The big banks all reported earnings a few weeks ago, but there are still some smaller financials reporting results that are worth paying attention to.

In this Industry Focus: Financials clip, host Jason Moser and Fool.com contributor Matt Frankel, CFP, discuss earnings from Visa (NYSE:V), Ellie Mae (NYSE:ELLI), and SVB Financial (NASDAQ:SIVB) and what investors should know about each one.

A full transcript follows the video.

This video was recorded on Oct. 29, 2018.

Jason Moser: Let's take a moment and look back at the week that was in earnings. Earnings season is still going strong. We had a few companies that we keep on our radar here that announced last week. We'll go ahead and open with Visa. I'll just give you my quick takeaway looking at it. You don't really want to read too terribly much into what this company is doing because it's kind of an "if it ain't broke, don't fix it" situation. If you look at Visa, payments volume was up 11%. Transactions were up 12%. We talked about this before, they did raise the dividend prior to the announcement. I for one have been critical that they should raise their dividend more when you look at the amount of money they've spent on share repurchases vs. what they've given shareholders as dividends. But it's still working out either way. They're bringing the share count down. What stood out to you in the quarter?

Matt Frankel: Well, a 34% jump in earnings. A lot of that is tax reform, but not as much as you might think. The 12% boost in revenue that you just mentioned was really what stood out to me. That's with some foreign exchange headwinds, as well. That's the impressive growth. The revenue growth is the really impressive thing to notice with pretty much all of these financial earnings since we're still less than a year in from tax reform.

Visa is still growing at a double-digit rate. They're anticipating growing at a double-digit rate. That's another company I had a chance to briefly speak with at Money. They couldn't stop talking about how much untapped opportunity there is, especially in overseas markets. They mentioned something like 70% of transactions still take place in cash. If you think that the card market is getting saturated, think again. There's still a lot of runway here.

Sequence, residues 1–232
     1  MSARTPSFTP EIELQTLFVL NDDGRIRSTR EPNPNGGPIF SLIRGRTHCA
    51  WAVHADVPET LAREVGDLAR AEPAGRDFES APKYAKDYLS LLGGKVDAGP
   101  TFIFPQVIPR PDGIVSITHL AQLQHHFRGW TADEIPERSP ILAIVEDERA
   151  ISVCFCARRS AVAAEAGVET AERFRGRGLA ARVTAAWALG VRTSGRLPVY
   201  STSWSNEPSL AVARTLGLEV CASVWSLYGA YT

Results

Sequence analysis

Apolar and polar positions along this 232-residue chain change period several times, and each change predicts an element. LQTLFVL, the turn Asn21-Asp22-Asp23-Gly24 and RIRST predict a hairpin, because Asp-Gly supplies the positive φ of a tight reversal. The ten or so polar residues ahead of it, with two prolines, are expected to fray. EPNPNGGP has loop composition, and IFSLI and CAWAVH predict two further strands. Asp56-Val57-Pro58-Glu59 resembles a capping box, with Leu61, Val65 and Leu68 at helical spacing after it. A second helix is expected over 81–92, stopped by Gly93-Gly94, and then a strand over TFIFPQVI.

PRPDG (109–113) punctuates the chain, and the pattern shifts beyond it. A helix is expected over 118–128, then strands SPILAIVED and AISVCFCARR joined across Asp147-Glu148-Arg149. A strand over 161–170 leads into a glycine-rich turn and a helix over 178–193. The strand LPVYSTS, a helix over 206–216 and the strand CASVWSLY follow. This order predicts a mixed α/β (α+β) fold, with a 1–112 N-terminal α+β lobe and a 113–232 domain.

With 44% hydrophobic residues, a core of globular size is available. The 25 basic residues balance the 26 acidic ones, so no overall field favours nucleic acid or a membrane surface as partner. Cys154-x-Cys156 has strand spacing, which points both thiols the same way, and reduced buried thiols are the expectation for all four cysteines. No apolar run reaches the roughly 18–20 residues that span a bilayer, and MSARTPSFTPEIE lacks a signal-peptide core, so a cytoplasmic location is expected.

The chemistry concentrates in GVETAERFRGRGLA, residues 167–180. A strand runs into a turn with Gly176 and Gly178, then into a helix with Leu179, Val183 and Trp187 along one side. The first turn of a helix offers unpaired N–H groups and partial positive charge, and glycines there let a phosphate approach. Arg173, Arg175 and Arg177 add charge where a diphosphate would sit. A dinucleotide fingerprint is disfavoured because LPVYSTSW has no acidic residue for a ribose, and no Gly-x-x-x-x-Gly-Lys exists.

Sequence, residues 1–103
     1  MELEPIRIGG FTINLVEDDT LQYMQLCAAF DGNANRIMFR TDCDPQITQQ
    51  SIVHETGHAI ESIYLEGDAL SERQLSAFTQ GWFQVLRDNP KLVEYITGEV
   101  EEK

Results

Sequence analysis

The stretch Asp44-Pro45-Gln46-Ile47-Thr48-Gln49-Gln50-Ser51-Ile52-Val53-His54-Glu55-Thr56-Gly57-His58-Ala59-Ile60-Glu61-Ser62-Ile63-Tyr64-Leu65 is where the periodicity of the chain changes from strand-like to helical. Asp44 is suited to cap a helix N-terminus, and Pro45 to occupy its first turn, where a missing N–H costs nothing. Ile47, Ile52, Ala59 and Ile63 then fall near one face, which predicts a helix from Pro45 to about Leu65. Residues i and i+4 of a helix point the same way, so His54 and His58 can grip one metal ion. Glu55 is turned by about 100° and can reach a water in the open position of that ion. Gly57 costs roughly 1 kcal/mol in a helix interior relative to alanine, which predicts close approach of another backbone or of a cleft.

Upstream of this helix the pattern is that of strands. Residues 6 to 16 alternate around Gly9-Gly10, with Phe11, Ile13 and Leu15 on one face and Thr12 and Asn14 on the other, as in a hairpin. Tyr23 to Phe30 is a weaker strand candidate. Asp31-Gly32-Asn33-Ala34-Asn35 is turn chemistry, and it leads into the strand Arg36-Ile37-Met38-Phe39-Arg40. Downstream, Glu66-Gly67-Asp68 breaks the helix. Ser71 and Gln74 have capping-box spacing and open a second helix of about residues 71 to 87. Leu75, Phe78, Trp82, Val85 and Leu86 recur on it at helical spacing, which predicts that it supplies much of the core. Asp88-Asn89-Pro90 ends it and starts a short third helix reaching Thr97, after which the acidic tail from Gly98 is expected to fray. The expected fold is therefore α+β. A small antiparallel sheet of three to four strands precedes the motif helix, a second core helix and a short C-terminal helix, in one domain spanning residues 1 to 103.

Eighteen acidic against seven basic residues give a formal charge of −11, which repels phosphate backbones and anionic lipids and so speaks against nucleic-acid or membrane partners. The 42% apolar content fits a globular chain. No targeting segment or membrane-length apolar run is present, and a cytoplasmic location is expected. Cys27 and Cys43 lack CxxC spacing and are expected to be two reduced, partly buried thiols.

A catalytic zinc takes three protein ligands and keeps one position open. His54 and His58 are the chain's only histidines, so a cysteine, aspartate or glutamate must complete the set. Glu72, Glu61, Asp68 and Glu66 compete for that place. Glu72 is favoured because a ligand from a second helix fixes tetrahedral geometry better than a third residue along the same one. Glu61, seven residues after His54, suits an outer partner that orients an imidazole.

Moser: I'm sure I've mentioned it before, but in the time we lived in Egypt for three years in the early 2000s, and then onward in Kazakhstan, those were two economies that ran so much on cash. They just didn't have that infrastructure yet. When you look at it from a global perspective, you certainly do understand the opportunity that still exists, how many dollars are flowing through those networks today and how many will be flowing through them in the next 10 years. It makes companies like that so attractive.

Silicon Valley Bank, a company that most of our listeners might not be as familiar with, but you are familiar with it. Tell me what your takeaways from the quarter were.

Frankel: They beat on earnings, but the stock plunged right after the report. It kind of looks puzzling at first, but when you dig into it, this is a bank that has been a beneficiary of the booming economy of start-ups and things like that in Silicon Valley. Because of their relationship with all the start-ups and venture capital out there, they get a big low-cost deposit base, which has been growing rapidly. This quarter, the deposit growth was just about 2%, which is not as good as investors were hoping for. Interest margins, because they have a big low-cost deposit base and rates are rising, everyone wanted to see margins expand a little more than they did. I think they only expanded by about three basis points. While on the surface, it looks good, and the bank is still growing at a pretty impressive level, the numbers just weren't quite what investors were looking for.

Moser: It happens. That happens.

Frankel: It does.

Moser: Another one, I got a few questions on Twitter last week about this one, so I want to make sure we give it a little bit of attention. Ellie Mae, a company I'm a big fan of, I know a lot of our members and listeners are fans of it, too. The stock just got shellacked after earnings came out last week. It fell somewhere in the neighborhood of 17-20%. I think this is one where the bark was much worse than the actual bite. I don't think things are nearly as bad as that sell-off would have you believe.

SVB Financial provides credit and banking services to The Motley Fool. Jason Moser owns shares of Ellie Mae and Visa. Matthew Frankel, CFP has no position in any of the stocks mentioned. The Motley Fool owns shares of and recommends Ellie Mae and SVB Financial Group. The Motley Fool owns shares of Visa. The Motley Fool has a disclosure policy.